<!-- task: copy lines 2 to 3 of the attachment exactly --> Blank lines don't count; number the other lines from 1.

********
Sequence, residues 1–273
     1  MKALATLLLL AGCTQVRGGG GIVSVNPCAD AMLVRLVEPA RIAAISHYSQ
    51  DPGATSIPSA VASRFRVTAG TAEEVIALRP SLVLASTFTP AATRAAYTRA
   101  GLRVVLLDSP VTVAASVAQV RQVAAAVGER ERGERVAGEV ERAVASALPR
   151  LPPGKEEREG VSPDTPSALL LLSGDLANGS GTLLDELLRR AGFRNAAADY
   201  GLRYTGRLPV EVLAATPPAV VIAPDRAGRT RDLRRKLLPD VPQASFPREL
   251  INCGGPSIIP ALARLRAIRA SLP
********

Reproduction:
     1  MKALATLLLL AGCTQVRGGG GIVSVNPCAD AMLVRLVEPA RIAAISHYSQ
    51  DPGATSIPSA VASRFRVTAG TAEEVIALRP SLVLASTFTP AATRAAYTRA